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Review of  Deutsche Grammatik in Kontakt [German Grammar in Contact]

Reviewer: Daniel Walter
Book Title: Deutsche Grammatik in Kontakt [German Grammar in Contact]
Book Author: Klaus-Michael Köpcke Arne Ziegler
Publisher: De Gruyter Mouton
Linguistic Field(s): Applied Linguistics
Language Acquisition
Subject Language(s): German
Issue Number: 27.1133

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“Deutsche Grammatik in Kontakt: Deutsch als Zweitsprache in Schule und Unterricht” (“German Grammar in Contact: German as a second language in school and in the classroom”) by Klaus-Michael Köpcke and Arne Ziegler presents a diverse collection of articles that reflect the multiple perspectives of researchers in the field of German as a second language (DaZ). This edited volume is structured by five parts: a foreword, an introduction to language development and elaboration in general, and three main divisions: Grammatisches Wissen (grammatical knowledge), Fehler versus Abweichung (mistakes versus variation), and Empirische Untersuchungen (empirical studies). Each division contains contributions from various authors in the field of DaZ. All are working from different theoretical backgrounds and with different pedagogical goals but at the same time allow a shared problem to be viewed through each article’s particular lens.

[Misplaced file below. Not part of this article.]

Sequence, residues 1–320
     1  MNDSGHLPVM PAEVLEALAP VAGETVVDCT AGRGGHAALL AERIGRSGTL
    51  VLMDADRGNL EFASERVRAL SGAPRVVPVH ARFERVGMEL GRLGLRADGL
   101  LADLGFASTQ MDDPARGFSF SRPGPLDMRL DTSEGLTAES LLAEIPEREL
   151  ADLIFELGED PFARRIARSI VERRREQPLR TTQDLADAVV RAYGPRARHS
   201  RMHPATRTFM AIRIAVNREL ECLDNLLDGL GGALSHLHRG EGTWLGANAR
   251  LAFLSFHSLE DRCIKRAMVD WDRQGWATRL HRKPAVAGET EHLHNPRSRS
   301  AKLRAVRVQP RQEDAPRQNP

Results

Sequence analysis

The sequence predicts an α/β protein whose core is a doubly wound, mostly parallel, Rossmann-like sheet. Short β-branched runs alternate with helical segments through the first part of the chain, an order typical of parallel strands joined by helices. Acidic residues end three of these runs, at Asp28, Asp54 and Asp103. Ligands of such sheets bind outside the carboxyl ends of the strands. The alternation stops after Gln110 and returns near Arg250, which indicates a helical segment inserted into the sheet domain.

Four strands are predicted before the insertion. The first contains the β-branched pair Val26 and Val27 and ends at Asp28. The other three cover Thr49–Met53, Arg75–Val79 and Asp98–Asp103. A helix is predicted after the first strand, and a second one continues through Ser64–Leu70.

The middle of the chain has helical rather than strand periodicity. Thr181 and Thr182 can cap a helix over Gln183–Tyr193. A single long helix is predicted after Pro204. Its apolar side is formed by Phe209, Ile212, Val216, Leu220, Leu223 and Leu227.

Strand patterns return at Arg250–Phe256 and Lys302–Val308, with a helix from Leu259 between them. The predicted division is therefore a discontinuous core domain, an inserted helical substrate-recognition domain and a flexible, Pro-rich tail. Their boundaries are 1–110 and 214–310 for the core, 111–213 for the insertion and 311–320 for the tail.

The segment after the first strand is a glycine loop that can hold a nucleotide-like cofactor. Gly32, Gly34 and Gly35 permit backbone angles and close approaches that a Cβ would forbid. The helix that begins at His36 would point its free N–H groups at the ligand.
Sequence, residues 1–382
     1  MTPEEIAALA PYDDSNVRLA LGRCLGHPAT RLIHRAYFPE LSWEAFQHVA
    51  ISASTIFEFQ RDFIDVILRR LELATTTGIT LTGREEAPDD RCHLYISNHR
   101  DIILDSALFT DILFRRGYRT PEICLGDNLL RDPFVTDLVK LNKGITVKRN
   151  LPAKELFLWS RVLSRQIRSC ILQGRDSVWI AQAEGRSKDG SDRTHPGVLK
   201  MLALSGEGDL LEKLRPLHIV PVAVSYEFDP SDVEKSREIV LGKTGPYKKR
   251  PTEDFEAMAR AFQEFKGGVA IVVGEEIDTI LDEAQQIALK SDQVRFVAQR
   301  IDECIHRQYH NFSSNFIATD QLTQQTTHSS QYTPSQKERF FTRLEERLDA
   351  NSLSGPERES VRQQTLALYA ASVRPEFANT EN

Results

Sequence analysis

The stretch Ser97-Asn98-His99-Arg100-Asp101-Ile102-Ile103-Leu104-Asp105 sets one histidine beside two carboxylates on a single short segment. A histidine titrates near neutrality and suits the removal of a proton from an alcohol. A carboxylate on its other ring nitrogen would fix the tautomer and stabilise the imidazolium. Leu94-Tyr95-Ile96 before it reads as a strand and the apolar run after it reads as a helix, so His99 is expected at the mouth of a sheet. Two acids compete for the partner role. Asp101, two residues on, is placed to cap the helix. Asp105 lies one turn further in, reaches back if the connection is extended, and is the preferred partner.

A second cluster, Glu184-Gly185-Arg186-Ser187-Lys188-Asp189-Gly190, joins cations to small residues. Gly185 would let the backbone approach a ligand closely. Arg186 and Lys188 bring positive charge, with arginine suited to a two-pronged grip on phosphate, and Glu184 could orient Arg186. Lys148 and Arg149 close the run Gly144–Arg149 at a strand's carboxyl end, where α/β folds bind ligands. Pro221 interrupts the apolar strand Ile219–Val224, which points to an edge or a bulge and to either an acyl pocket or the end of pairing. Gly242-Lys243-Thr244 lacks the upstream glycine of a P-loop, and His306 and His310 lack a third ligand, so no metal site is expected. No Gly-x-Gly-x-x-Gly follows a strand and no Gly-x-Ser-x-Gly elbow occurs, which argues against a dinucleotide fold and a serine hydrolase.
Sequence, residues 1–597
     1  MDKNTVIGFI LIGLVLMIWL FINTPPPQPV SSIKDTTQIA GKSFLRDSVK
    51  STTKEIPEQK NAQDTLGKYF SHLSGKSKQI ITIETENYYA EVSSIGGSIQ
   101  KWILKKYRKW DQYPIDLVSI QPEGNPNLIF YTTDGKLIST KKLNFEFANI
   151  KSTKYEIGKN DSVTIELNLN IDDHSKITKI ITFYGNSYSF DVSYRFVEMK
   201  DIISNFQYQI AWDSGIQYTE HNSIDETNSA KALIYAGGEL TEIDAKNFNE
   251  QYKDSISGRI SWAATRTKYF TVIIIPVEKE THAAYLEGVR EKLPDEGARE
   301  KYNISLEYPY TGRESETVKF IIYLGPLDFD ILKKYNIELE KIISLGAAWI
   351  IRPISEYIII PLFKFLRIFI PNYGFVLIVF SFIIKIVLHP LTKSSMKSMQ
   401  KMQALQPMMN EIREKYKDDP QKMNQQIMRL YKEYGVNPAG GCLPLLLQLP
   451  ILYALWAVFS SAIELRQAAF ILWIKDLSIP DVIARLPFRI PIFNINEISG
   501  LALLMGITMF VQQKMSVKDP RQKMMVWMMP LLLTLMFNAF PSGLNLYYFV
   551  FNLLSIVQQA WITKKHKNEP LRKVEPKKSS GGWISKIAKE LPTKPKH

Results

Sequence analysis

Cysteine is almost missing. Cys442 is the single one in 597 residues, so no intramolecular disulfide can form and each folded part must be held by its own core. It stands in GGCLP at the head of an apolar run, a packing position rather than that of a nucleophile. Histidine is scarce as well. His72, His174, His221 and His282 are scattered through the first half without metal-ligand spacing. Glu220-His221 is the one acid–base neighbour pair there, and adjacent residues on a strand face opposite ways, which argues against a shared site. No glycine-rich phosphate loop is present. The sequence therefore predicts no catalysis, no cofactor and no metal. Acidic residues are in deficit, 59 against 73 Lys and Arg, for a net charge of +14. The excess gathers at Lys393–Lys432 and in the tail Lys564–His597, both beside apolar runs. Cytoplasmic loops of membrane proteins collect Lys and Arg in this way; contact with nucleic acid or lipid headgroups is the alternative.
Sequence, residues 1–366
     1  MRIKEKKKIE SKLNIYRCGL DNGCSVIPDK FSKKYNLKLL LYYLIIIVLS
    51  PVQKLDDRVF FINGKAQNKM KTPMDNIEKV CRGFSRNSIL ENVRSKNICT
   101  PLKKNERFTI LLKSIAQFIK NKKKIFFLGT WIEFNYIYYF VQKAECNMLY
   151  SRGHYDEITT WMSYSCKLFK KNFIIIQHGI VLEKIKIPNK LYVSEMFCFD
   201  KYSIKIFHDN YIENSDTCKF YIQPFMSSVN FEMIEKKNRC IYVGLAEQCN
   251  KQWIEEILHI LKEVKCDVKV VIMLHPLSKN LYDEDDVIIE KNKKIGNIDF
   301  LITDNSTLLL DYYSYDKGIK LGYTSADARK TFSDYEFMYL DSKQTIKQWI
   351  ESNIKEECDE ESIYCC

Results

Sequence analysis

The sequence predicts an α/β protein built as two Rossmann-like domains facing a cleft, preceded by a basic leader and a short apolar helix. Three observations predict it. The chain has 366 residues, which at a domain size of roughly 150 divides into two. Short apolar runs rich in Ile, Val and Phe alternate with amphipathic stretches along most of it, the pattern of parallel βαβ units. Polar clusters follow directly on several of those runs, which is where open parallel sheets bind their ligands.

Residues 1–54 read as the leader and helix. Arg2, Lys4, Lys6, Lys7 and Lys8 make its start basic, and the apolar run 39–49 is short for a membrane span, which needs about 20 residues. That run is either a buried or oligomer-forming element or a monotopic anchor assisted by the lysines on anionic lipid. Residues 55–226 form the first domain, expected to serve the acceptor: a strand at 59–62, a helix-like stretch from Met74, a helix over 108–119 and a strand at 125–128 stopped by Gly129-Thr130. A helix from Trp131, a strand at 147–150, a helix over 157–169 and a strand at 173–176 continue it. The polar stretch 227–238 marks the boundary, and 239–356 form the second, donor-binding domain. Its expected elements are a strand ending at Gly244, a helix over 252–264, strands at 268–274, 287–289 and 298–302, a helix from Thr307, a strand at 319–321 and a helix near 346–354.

In the foreword, the editors discuss the origin of this collection of works. The chapters within this book are the result of an international symposium on German grammar, “Grammatik in der Universität und für die Schule” (“Grammar in the University and for the School), which has now been held four times at multiple universities in Germany. From these symposia, presenters were selected to produce chapters for this edited volume. The authors then discuss the justification for this publication, stating that DaZ has become an everyday part of schooling in Germany, rather than a special interest area which can be separated from the classroom experiences of teachers and students. In the final section of the foreword, the editors outline the volume’s structure and provide brief summaries of each chapter.